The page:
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Revealed: ICC wanted police chief to trap Uhuru Kenyatta

Fresh details have emerged on how retired ICC prosecutor Louis Moreno-Ocampo attempted to lure former Police Commissioner Maj-Gen Hussein Ali as a prosecution witness against Uhuru Kenyatta.

The revelation was first made in a New York Times piece published online on Wednesday, which said the former police boss turned down an offer to have him testify against Mr Kenyatta and former head of Civil Service Francis Muthaura, in exchange for the prosecution dropping all his charges.

The article says the prosecution turned to General Ali after it was “faced with a dwindling pool of evidence”.


In a telephone conversation, Maj-Gen Ali’s lawyer Evans Monari confirmed that the prosecution indeed made several overtures before the pre-trial chamber made a determination.

“We told him off, first, because we didn’t think that they had sustainable charges against Ali,” said Mr Monari.

“Secondly, we did not have any evidence that would have helped him convict any of the other suspects. So, after analysing the scenario, we decided we’d rather take our chances and we pulled through.”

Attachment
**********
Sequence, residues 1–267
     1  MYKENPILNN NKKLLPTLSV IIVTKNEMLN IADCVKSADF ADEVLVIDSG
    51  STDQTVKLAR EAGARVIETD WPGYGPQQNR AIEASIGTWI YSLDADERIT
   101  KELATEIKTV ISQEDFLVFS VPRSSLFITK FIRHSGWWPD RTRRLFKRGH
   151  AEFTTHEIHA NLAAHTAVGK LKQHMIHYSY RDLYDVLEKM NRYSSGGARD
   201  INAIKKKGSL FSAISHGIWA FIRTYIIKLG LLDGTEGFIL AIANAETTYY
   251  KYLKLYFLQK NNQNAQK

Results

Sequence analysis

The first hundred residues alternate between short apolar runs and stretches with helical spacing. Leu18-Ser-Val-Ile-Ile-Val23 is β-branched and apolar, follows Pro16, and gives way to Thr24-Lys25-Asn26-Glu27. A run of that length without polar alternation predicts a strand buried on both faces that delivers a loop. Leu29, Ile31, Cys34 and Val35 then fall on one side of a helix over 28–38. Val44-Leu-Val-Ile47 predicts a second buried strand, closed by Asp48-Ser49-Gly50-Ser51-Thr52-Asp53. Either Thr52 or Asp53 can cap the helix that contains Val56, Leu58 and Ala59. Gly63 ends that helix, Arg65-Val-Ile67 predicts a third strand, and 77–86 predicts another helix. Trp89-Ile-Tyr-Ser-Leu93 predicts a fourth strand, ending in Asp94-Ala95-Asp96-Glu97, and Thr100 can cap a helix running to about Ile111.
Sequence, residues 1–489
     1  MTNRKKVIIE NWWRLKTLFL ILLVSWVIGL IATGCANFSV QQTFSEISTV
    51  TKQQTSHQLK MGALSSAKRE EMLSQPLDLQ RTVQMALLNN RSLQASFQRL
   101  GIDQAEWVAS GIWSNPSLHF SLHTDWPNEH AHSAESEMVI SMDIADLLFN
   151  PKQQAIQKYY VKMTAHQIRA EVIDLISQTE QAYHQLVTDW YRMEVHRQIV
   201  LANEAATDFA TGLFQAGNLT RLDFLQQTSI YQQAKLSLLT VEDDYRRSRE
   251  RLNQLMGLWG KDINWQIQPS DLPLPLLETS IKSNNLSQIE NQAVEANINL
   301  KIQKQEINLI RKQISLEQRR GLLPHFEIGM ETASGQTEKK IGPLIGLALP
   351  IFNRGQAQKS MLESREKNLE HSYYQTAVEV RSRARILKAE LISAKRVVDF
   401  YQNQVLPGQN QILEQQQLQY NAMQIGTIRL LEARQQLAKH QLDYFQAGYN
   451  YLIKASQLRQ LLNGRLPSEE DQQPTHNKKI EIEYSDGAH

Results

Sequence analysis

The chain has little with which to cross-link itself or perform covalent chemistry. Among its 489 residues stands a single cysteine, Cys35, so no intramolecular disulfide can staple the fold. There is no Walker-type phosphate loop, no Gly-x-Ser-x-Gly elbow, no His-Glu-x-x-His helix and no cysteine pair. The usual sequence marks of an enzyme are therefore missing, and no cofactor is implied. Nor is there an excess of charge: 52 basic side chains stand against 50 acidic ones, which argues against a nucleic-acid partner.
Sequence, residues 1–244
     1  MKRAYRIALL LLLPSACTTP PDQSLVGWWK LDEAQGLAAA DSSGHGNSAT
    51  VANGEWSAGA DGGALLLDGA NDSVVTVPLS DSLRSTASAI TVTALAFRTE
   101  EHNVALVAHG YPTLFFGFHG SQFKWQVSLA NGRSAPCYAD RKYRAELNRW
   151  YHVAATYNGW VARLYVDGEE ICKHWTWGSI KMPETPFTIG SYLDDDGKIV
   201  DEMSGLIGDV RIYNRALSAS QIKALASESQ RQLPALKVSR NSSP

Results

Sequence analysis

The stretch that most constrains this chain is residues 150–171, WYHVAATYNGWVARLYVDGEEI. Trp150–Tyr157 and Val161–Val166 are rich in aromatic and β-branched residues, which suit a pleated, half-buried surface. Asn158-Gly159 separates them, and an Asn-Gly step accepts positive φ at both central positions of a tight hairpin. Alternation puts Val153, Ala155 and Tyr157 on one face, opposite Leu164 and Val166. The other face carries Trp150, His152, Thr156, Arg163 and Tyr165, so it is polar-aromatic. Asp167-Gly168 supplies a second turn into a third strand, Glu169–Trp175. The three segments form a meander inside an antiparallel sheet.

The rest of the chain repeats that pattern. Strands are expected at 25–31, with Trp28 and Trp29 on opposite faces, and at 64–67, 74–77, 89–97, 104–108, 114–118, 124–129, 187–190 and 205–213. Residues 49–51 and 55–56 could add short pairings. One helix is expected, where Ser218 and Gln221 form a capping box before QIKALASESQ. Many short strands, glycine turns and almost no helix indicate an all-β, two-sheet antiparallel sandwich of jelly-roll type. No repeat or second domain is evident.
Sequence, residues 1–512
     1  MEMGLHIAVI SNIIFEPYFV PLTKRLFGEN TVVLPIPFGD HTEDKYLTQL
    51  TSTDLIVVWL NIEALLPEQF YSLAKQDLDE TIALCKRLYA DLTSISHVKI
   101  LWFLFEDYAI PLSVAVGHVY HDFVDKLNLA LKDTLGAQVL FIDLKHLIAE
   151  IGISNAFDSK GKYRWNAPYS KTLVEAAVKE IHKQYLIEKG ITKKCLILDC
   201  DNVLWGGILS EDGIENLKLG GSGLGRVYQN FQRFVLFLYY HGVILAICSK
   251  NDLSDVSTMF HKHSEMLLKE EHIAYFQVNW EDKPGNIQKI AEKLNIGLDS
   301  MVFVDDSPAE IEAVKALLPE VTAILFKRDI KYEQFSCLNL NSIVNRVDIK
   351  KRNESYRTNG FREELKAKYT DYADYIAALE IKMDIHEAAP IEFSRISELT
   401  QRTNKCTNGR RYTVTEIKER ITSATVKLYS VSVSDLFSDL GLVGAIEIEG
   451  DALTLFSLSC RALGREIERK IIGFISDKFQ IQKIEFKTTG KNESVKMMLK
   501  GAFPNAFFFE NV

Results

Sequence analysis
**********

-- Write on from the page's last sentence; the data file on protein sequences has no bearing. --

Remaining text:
Mr Monari says his team was approached in person by ICC prosecutors (Mr Ocampo was not one of them) both here in Kenya in The Hague, Netherlands, where the court is headquartered.

Mr Ali’s charges were dropped on January 23, 2012 when the ICC pre-trial chamber presided over by Judge Ekaterina Trendafilova ruled that there was not enough evidence against him.

He had been named by Mr Ocampo on December 15, 2010, where he was accused authorising the use of excessive force and facilitated attacks against supporters of the opposition Orange Democratic Movement during the post-2007 general election violence.


The article also claims that Mr Ocampo had turned to former Mungiki leader Maina Njenga and enlisted him as a prosecution witness.

It says Mr Njenga had outlined to the ICC prosecution the organizational structure of the militia gang and the role it played in the PEV.

“Njenga was ‘very forthright,’ (Lawyer Paul) Muite told me, and he later agreed to testify in The Hague,” says the article.

The ICC prosecutor, however, never got a chance to use whatever evidence Mr Njenga may have provided telling the writer; “I didn’t think I should expose Maina Njenga. I cannot protect him”.

Mr Monari has faulted Mr Ocampo for exposing details of the witnesses in the NYT article.

“He has breached the protective measures that ICC had put in place with regards to the witnesses and I think the ICC should take remedial measures,” he said.

ICC judges have since dropped all charges against the Ocampo Six among them President Kenyatta, Mr Muthaura, Mr Ali, Deputy President William Ruto, and former ODM chairman Henry Kosgey and former radio journalist Francis Sang.